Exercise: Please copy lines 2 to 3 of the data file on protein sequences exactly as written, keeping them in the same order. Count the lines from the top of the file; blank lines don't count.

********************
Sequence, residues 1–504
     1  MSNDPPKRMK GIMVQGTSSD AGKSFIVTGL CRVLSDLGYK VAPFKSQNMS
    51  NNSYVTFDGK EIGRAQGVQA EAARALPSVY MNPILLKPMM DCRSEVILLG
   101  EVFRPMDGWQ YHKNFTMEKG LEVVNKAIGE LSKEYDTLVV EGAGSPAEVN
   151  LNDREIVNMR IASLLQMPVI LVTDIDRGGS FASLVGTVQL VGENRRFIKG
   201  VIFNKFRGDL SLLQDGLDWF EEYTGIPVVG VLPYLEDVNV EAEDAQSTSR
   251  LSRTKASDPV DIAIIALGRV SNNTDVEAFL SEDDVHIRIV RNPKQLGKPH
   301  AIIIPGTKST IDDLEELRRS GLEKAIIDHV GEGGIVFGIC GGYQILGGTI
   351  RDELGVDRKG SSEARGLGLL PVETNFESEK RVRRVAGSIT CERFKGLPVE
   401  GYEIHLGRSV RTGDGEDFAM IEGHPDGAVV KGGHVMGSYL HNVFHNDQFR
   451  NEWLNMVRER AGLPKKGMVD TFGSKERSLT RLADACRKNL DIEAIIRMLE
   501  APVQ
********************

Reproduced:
     1  MSNDPPKRMK GIMVQGTSSD AGKSFIVTGL CRVLSDLGYK VAPFKSQNMS
    51  NNSYVTFDGK EIGRAQGVQA EAARALPSVY MNPILLKPMM DCRSEVILLG